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Volume 706: debated on Wednesday 5 January 2022


Wednesday 5 January 2022


Home Department

Off-road vehicles in the Gwyddon Forestry

The petition of residents of the constituency of Islwyn,

Declares that illegal off-road vehicles have caused and continue to cause irreparable damage to the environment of the Gwyddon Forestry in Abercan; further that the Gwyddon Forestry has, until recent years, been a safe haven for wildlife to flourish and for cyclists, pedestrians and horse riders to enjoy the rights of way and footpaths afforded to them, but that the vehicles are now destroying the natural habitats of wildlife; further that residents have been threatened when confronting illegal vehicle-users and have concerns for their own safety when reporting these issues to the police; and further that the off-road vehicles are drive and ridden recklessly by uninsured and unlicensed individuals, making it inevitable that accidents will take place.

The petitioners therefore request that the House of Commons urge the Government to engage with South Wales and Gwent Police to enforce the laws currently in place to prevent illegal activity and to encourage stronger actions against illegal off-road riders and drivers.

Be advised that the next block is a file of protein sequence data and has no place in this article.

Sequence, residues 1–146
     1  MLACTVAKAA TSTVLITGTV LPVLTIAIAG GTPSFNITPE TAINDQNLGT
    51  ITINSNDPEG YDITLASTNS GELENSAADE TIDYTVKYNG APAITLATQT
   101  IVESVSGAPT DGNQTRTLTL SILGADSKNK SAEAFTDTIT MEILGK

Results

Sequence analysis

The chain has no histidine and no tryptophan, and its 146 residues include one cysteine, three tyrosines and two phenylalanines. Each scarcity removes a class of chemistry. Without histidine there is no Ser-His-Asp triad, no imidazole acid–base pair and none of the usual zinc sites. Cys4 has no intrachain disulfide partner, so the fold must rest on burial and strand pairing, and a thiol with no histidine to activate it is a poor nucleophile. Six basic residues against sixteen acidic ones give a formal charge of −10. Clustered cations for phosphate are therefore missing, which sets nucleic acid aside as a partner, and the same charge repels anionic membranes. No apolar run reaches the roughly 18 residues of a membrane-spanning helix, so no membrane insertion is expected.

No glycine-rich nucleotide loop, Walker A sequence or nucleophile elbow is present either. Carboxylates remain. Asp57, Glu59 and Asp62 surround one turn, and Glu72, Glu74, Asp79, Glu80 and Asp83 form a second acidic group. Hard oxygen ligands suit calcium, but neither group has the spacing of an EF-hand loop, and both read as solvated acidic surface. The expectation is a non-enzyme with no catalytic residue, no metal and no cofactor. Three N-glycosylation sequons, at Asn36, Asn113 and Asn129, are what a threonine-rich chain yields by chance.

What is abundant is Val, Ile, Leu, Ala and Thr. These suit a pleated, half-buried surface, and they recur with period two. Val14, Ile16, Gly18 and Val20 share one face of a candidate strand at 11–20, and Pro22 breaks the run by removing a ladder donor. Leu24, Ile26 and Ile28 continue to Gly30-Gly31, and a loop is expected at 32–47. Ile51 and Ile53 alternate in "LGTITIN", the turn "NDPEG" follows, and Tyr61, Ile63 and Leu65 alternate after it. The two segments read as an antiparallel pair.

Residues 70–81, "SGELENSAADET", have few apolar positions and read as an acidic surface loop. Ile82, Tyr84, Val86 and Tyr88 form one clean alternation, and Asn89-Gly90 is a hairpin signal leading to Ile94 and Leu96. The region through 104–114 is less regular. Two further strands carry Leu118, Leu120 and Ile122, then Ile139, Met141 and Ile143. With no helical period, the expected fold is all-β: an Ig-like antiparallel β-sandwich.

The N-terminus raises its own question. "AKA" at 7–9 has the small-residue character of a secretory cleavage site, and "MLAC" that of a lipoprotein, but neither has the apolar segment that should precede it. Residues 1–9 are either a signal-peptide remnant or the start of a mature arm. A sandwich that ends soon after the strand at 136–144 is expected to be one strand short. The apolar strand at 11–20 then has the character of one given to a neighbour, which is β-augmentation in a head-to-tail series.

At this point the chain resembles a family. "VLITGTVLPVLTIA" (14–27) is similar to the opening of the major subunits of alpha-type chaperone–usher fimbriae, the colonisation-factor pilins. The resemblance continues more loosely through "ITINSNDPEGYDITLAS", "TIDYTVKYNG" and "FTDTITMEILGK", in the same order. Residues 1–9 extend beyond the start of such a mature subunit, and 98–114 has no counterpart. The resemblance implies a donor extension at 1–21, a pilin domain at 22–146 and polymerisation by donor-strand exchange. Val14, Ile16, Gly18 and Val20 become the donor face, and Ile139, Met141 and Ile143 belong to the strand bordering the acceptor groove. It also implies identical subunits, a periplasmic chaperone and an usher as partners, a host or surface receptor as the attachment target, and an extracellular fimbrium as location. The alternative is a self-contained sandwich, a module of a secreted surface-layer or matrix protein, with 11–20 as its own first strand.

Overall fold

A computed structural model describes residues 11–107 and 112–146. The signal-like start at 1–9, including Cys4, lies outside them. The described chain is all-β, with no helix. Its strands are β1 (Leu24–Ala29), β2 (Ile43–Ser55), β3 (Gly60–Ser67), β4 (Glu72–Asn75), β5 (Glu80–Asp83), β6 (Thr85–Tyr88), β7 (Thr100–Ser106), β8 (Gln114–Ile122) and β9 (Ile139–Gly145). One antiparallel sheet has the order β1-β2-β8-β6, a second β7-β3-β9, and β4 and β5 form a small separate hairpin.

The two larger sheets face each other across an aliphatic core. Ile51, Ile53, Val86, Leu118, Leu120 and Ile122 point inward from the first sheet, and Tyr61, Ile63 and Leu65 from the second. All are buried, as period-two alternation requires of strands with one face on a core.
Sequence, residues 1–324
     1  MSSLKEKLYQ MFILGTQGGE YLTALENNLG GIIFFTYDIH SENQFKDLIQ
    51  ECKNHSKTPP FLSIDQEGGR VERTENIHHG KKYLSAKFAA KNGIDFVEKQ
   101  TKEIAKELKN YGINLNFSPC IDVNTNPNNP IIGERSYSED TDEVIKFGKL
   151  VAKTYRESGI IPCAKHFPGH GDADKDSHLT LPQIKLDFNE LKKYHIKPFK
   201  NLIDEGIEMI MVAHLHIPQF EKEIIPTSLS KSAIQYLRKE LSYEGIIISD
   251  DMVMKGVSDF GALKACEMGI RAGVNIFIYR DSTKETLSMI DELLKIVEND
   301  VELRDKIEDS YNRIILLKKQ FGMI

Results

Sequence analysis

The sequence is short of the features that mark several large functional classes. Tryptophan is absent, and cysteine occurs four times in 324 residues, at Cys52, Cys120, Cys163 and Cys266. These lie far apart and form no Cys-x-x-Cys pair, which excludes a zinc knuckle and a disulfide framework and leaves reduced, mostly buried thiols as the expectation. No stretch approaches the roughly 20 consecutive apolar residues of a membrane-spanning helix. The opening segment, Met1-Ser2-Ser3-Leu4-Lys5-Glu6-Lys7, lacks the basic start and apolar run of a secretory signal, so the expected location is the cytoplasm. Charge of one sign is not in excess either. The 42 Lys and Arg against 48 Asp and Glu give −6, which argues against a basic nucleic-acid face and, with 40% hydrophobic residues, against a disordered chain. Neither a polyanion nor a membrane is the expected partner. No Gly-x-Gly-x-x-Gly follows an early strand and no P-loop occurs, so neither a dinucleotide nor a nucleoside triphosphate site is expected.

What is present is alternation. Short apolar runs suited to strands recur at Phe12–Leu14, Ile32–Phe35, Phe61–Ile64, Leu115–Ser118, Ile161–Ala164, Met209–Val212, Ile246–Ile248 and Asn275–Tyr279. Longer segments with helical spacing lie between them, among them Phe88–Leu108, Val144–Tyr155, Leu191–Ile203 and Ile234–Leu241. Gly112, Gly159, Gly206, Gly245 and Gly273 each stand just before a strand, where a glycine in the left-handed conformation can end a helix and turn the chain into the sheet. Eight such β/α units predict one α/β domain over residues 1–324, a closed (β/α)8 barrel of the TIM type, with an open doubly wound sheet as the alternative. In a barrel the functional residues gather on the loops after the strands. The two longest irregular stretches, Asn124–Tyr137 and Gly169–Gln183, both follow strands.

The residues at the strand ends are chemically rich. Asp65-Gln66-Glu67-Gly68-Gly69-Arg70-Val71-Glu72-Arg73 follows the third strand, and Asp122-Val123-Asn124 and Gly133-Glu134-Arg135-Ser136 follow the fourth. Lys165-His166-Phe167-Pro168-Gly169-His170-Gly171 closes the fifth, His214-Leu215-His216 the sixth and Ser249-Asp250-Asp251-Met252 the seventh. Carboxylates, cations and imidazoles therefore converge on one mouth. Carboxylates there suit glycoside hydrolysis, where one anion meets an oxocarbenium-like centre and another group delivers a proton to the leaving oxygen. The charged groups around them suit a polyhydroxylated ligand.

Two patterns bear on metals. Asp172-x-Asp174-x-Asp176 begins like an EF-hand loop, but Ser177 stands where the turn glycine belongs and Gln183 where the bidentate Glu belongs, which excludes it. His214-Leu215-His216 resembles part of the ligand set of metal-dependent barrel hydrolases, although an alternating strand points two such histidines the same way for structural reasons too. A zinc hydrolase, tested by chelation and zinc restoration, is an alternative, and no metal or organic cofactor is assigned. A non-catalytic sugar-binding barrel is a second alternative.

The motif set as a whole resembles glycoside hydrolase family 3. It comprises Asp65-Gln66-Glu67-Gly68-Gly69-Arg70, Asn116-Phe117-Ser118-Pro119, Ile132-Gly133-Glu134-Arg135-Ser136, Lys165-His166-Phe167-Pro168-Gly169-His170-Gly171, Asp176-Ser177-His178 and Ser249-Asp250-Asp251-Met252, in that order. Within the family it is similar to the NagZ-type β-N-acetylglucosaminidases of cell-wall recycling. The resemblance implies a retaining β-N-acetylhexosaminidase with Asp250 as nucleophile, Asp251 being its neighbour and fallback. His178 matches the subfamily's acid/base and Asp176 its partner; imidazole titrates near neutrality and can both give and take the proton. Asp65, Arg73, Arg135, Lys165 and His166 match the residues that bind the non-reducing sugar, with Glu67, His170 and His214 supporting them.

And the petitioners remain, etc.—[Presented by Chris Evans , Official Report, 1 December 2021; Vol. 704, c. 1016.]


Observations from the Minister for Crime and Policing (Kit Malthouse):

The Government believe that any form of antisocial, dangerous or inconsiderate behaviour involving vehicles, including that which involves illegal off-road vehicles, is a serious issue. The police can deal with antisocial behaviour (ASB) involving vehicles—e.g. off-road vehicles, driving across public open spaces—in the same way as they deal with any other ASB. Furthermore, the police have powers under the Road Traffic Act 1988 and section 59 of the Police Reform Act 2002 to seize vehicles being driven illegally without a valid driving licence or insurance or in an antisocial manner respectively. Decisions on when to use these powers and how available resources are deployed are operational matters for Chief Constables in conjunction with local policing plans. They are best placed to understand how to meet the needs of local communities like the constituency of Islwyn.

The Government have provided the police, local authorities and other local agencies with a range of tools and powers that they can use to respond quickly and effectively to all forms of ASB through the Anti-social Behaviour, Crime and Policing Act 2014. These powers are deliberately local in nature, and it is for local agencies to determine whether their use is appropriate in the specific circumstances of each case, including for nuisance involving vehicles. Incidents of ASB, including those involving off-road vehicles, should be reported to the neighbourhood policing team and the local authority responsible for the public land. When the problem is entrenched, it is for the local authority and community safety partnership to set a strategy and response that goes beyond reactive policing of this kind of repeat behaviour.

In January the Government updated the Home Office statutory guidance to support local agencies to make effective use of the powers given to them, which ensures a victim-centred approach to tackling ASB. In July the Beating Crime Plan laid out the Government’s plan for tackling crime and ASB, and making communities safer. The Government will continue to support the police to ensure they have the tools needed to enforce road traffic and ASB powers.